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McCollum Floor Statement Opposing Anti-Environment Riders, Including Mining Near the BWCA

September 7, 2017
Statements For the Record

Congresswoman Betty McCollum (DFL-Minn.) made the following statement on the House Floor in opposition to anti-environment riders, including the Emmer amendment to allow dangerous mining near Minnesota's Boundary Waters, to H.R. 3354, the fiscal year 2018 Interior-Environment appropriations bill:

Mr. Chairman, I rise in opposition.  I reserve the balance of my time.

I am opposed to all the amendments included in this en bloc.  Many of them use offsets from accounts in the Environmental Protection Agency or Fish and Wildlife Service that are already severely underfunded.

I am particularly troubled by one amendment in this group that threatens our nation’s most visited wilderness area. Let me tell you why I oppose the Emmer Amendment:

The Boundary Waters Canoe Area Wilderness, located in northern Minnesota, is one of the last truly wild places in America. These 1.1 million acres of unspoiled woodlands and more than 1,000 pristine lakes are beloved by adventurers, canoers, and sportsmen from across our country. This national treasure lies in the vast Rainy River Watershed, which flows north into Voyageurs National Park and onward to Canada. 

Recently, there has been a push to conduct sulfide-ore copper mining less than three miles from the Boundary Waters wilderness. This mining threatens irreparable damage to its waters, wildlife, and landscape.

Sulfide-ore mining is the most toxic industry in America, polluting waterways with acid drainage that contains arsenic, mercury and lead. In 2014, the Mount Polley sulfide-ore mine in British Columbia failed, dumping billions of liters of toxic sludge and leaving permanent environmental damage in its wake.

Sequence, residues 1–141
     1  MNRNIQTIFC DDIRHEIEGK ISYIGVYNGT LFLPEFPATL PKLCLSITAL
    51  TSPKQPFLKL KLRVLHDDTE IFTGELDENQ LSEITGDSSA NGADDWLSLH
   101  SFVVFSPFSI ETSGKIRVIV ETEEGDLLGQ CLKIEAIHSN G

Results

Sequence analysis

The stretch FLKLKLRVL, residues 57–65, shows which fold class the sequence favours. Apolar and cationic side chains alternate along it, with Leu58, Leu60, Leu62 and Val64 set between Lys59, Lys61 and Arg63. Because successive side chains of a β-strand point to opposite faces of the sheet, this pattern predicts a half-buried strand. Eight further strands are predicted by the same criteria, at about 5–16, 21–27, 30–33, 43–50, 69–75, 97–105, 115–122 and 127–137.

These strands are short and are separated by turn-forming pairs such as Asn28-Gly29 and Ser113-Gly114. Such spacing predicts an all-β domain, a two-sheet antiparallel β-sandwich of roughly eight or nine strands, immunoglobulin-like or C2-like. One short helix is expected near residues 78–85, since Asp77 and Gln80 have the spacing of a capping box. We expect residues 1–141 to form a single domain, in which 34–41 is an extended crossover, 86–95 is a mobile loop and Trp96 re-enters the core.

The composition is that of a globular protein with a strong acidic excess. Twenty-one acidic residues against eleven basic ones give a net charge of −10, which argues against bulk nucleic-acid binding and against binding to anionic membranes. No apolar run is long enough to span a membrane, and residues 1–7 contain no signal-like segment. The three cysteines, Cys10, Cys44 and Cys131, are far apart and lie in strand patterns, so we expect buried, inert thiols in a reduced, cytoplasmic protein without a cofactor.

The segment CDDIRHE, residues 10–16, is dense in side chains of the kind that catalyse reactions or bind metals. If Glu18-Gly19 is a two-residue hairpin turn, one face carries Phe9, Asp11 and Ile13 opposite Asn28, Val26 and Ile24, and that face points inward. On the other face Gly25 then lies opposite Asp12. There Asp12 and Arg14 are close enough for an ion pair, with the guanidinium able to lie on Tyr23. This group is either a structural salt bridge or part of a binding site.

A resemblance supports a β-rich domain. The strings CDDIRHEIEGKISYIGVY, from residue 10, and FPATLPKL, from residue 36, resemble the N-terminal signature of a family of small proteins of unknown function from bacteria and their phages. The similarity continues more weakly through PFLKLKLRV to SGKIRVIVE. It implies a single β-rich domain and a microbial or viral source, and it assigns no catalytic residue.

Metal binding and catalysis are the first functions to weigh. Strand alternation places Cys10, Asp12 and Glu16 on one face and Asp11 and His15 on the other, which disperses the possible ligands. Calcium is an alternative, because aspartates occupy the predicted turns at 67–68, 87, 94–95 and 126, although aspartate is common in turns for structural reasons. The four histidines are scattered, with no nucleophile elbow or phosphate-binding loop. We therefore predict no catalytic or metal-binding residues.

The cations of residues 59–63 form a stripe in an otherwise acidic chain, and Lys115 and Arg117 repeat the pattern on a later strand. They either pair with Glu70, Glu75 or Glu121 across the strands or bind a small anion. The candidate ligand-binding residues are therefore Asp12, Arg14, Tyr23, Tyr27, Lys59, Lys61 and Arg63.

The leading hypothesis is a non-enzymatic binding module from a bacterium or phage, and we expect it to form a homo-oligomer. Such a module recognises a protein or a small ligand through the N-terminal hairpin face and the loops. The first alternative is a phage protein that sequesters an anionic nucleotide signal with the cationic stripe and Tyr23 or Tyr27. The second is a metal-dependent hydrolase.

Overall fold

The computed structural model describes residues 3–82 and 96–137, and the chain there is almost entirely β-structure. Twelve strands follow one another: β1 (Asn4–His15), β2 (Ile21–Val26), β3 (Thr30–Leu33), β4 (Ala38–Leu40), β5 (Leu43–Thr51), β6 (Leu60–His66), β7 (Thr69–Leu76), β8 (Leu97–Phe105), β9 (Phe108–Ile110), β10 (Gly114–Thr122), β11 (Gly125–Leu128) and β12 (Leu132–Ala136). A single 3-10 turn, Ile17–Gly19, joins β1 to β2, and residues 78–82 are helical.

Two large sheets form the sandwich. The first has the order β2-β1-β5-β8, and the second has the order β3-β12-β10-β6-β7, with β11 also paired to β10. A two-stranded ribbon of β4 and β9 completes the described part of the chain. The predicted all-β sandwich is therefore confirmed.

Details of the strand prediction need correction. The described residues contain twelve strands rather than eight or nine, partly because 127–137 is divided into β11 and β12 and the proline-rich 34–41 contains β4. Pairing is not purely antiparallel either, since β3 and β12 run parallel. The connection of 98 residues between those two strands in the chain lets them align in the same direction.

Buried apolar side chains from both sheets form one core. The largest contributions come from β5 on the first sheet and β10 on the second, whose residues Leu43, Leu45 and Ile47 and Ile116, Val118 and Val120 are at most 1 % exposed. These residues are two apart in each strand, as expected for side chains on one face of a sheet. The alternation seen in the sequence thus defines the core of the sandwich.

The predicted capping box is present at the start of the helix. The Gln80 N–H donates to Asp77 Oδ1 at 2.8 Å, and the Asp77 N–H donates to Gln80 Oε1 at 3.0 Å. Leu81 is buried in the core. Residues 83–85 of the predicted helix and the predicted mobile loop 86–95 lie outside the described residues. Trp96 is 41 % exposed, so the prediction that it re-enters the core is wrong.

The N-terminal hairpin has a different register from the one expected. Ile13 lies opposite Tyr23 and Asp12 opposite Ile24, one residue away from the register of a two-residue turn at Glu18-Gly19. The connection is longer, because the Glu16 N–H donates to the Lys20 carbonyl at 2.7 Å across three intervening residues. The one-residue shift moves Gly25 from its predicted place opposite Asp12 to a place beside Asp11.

To protect the Boundary Waters from this type of destruction, the Forest Service acted last December. They launched a thorough environmental analysis — with public engagement — to assess what kind of mining, if any, is appropriate on federal lands in this watershed for the next 20 years. The Trump and Obama administrations have both agreed that we need a thorough, science-based assessment of the best management of this sensitive ecosystem and conservation of our Boundary Waters.

The Emmer amendment upends this careful process. It pushes aside the Forest Service’s ongoing study. It mandates that dangerous copper-sulfide ore mining will be allowed in the watershed, regardless of the conclusions of the environmental study. And it intentionally ignores a public process that hundreds of thousands of Americans weighed in on, with comments on both sides of the issue.

In my opinion, this amendment sets a horrible precedent, wastes taxpayer dollars already invested in the study, and threatens a national treasure. It should never become law.

Mr. Chairman, I reserve the balance of my time.